The cost of heating and cooling your home seems to regularly increase. While rising costs of energy can be one contributor, many homes are actually losing large amounts of heat. These are some of the most common reasons that your house will not stop losing heat.
Worn Seals on Doors and Windows
Worn seals and gaps can increase in size over time, leading to a loss of heat. Check the seals on every exterior door and window for air flow. Be sure to also check other common heat loss places like where the dryer vent connects to the wall and the plumbing fixtures underneath cabinets.
If you identify any sources of cold air, consider replacing worn seals and filling any gaps with caulk. Silicone caulk is clear and is ideal for viewable places in your home like for poor window fittings. Latex caulk is great for filling exterior gaps because you can paint it to match the exterior of your house.
Poorly Fitted Fireplace Dampers
A fireplace damper is used to seal the fireplace when it is not in use. A poorly fitted fireplace damper, however, can lead to a significant amount of heat loss. The best way to check the fireplace damper is by visually inspecting it for gaps. The damper is located at the upper end of the chimney.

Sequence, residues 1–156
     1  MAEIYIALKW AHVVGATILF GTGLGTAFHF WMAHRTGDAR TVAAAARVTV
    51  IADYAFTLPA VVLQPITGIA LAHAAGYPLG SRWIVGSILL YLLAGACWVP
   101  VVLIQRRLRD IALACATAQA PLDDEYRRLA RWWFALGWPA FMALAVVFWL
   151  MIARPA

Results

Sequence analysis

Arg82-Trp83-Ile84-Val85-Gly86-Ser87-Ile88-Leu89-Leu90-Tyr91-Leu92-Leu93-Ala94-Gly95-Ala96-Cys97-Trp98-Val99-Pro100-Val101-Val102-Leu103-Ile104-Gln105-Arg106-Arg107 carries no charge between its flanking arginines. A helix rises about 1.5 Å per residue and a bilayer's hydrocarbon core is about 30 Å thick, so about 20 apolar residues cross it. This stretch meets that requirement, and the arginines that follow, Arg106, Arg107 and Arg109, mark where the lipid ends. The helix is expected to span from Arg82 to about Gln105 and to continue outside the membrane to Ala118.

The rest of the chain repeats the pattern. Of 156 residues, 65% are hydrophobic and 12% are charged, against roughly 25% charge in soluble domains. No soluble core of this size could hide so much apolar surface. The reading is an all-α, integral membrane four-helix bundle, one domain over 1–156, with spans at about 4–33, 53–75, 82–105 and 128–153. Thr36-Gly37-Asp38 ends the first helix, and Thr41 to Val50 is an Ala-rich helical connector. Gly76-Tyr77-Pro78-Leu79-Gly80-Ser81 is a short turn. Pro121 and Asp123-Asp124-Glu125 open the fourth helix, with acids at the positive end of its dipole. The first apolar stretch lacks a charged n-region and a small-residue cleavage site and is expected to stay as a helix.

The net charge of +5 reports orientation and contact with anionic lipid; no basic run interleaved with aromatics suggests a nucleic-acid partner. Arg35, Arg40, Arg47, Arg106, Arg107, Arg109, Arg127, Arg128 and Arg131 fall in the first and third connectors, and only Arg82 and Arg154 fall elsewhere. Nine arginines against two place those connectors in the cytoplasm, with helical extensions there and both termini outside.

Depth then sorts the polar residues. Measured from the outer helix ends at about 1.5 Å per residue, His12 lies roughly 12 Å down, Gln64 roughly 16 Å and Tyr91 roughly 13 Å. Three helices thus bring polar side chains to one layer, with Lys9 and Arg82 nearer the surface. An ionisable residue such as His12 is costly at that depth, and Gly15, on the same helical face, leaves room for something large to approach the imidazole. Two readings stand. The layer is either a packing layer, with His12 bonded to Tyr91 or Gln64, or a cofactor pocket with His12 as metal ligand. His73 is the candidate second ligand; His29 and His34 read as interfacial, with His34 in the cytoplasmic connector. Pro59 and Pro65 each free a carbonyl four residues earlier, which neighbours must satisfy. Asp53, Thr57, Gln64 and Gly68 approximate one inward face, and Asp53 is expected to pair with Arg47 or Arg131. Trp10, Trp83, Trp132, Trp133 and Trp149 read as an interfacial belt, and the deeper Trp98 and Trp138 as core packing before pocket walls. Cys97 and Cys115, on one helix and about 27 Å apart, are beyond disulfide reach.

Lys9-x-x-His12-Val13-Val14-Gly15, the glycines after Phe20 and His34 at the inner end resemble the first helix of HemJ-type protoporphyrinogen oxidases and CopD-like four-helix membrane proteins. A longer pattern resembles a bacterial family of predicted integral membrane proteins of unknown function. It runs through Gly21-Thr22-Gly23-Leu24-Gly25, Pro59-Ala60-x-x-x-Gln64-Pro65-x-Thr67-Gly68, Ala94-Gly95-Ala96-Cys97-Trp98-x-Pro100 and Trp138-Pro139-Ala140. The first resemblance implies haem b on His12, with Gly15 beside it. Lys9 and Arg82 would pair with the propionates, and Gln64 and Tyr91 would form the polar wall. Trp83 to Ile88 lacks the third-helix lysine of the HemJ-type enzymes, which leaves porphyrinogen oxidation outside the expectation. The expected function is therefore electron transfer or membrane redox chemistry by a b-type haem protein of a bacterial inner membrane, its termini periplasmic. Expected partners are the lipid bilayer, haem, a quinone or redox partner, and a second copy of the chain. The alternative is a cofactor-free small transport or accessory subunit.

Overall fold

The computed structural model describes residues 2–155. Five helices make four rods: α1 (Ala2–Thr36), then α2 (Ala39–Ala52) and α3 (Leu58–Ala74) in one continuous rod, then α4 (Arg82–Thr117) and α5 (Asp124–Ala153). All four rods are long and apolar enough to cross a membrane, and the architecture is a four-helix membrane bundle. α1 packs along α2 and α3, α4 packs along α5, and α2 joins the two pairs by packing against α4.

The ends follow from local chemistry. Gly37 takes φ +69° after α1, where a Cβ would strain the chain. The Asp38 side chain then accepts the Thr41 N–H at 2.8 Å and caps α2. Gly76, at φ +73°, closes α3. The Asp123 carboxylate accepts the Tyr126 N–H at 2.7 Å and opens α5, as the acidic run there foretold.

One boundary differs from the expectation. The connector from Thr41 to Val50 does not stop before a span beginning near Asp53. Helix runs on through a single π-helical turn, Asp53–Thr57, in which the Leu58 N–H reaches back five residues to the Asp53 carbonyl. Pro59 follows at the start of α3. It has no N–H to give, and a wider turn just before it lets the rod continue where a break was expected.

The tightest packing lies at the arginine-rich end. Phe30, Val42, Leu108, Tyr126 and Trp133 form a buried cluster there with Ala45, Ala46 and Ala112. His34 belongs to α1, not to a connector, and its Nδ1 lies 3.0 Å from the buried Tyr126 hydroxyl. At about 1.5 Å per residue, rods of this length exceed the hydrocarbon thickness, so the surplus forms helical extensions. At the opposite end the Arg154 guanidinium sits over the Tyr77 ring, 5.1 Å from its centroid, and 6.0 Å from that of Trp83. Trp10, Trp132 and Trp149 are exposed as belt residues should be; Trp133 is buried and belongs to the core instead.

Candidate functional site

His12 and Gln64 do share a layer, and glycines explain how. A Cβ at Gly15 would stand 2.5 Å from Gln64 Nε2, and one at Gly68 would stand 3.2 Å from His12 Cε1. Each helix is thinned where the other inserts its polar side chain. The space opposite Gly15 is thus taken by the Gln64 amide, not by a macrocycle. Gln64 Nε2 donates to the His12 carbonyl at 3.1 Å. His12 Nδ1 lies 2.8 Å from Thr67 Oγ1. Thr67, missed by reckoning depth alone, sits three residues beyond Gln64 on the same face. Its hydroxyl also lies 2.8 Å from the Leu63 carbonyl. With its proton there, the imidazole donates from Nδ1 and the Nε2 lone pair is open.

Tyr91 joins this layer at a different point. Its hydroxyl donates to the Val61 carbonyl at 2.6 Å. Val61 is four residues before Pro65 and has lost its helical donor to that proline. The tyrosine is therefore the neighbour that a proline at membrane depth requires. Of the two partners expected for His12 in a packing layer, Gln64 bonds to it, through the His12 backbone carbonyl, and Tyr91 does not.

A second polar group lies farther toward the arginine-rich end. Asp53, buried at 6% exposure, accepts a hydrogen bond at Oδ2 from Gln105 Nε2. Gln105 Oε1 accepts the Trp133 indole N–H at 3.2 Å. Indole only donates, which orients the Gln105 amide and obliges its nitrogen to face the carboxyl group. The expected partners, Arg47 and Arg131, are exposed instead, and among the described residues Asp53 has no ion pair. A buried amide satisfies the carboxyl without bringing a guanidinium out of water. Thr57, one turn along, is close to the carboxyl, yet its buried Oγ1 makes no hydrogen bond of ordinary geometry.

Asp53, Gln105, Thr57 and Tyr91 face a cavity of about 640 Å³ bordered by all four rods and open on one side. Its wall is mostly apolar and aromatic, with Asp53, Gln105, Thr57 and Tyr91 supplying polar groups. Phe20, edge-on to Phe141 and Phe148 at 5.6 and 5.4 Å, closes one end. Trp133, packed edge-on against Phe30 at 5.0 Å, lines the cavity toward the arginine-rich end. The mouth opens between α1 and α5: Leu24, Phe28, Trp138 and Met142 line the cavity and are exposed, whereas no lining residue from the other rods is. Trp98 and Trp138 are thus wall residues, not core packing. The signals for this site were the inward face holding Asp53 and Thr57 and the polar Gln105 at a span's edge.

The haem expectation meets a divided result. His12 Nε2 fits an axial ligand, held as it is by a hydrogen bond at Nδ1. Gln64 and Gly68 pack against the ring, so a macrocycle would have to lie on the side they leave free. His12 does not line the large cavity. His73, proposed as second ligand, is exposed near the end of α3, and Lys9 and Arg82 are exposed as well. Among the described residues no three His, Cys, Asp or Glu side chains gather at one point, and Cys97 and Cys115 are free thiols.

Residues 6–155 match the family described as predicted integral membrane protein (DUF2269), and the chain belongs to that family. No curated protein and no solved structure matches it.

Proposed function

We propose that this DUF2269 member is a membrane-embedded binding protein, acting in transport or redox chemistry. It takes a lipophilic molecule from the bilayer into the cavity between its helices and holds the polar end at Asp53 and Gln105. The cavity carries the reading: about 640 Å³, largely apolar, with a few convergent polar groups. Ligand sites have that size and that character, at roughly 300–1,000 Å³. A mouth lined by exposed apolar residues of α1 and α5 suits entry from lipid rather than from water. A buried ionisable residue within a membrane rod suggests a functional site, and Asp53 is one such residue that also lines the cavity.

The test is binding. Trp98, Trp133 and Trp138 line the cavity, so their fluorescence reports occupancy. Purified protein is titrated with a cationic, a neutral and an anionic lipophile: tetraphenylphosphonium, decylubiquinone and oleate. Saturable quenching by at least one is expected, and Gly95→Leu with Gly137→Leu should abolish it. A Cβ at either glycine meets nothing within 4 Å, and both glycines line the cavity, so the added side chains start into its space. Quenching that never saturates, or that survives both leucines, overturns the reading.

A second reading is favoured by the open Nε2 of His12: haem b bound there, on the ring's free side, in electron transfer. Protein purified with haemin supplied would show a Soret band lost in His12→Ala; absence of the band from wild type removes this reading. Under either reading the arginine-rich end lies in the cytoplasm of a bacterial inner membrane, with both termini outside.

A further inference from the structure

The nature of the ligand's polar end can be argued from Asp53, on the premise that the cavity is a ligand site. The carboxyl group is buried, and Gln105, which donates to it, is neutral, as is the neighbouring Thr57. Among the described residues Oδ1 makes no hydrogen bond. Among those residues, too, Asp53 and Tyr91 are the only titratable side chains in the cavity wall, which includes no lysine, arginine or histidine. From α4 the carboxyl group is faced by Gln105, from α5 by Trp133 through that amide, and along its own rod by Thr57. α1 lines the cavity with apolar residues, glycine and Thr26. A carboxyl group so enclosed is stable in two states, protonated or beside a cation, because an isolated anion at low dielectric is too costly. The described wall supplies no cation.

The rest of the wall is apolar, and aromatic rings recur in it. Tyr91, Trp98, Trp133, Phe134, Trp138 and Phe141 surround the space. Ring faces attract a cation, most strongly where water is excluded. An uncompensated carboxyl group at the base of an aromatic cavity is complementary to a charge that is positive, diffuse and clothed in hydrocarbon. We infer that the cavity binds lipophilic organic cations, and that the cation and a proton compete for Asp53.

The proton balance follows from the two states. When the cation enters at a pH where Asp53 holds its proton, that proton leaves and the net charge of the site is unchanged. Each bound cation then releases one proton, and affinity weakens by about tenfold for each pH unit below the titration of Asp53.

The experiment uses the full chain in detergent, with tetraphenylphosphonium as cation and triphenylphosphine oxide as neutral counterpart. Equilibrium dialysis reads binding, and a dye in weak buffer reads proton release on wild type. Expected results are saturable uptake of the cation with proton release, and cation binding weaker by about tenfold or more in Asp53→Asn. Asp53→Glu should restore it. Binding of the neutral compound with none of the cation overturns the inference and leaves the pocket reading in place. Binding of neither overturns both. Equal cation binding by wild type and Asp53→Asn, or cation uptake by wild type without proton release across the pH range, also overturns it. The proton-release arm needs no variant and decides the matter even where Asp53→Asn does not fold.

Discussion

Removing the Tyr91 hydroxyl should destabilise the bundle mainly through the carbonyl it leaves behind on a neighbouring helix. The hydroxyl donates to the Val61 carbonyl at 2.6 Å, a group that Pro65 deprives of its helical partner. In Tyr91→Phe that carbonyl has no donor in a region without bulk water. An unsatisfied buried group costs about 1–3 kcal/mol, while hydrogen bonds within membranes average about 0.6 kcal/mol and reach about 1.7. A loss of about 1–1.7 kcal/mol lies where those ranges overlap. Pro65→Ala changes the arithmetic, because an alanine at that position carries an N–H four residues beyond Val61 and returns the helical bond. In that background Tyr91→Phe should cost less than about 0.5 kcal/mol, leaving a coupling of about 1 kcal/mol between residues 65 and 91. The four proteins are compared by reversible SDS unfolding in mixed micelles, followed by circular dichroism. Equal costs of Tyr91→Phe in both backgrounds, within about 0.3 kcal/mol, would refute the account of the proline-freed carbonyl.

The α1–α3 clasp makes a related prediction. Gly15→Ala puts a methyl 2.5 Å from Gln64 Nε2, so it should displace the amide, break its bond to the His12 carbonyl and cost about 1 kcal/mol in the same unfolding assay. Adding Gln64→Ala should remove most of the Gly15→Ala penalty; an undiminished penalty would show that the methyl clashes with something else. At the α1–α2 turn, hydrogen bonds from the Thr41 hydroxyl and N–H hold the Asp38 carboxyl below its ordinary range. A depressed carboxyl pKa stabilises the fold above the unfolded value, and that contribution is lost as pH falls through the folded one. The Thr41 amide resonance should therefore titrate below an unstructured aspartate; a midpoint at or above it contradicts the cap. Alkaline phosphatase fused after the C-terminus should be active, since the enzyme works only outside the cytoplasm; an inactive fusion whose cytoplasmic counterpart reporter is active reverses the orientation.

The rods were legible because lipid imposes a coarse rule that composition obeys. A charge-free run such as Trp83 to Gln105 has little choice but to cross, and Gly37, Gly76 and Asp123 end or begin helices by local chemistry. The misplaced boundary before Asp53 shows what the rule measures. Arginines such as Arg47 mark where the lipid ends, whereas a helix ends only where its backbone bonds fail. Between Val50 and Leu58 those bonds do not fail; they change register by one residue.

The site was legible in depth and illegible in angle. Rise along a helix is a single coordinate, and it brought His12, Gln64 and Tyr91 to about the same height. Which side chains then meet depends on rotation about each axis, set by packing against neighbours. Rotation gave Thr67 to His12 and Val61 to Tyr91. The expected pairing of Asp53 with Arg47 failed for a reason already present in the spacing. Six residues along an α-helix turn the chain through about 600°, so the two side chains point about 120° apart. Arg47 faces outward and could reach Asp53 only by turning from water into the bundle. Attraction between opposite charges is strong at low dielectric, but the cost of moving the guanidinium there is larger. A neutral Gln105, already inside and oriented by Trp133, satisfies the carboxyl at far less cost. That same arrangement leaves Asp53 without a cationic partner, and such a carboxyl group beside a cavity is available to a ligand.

The damper may need to be replaced if it is not securely closed. The problem may be that it was improperly fitted or that the damper wore out over time.
Cracks in the Exterior Siding
Cracks in the exterior siding of the home can affect heat loss just as much as interior gaps. Homes that are located in cold-weather states run the risk of exterior damage caused by ice and frigid temperatures.
Fortunately, cracks in the exterior siding are usually easy to identify by doing a quick inspection of the exterior of the home. There are also a few solutions to fix cracked exterior siding. You can patch larger holes or cracks, fill smaller cracks with caulk, or have the siding entirely replaced.
Homes that are poorly insulated tend to experience a large amount of heat loss. Most homes do not have the recommended amount of insulation and the amount that is lacking will often translate to heat loss. Evaluate your home’s current insulation by feeling the walls inside of your home. Walls that are cold to the touch during cold weather are unlikely to have the appropriate amount of insulation.
There are a few methods available for improving the insulation of your home. Be sure to properly insulate the attic and strategically choose the type of insulation to use and the locations of your home that would most benefit from increased insulation.
Cracks in your home’s siding, poorly fitted seals, and a lack of insulation can lead to significant home heat loss. Inspecting, identifying, and correcting home heat causes can improve the comfort of your home and reduce the cost of your monthly utility bills.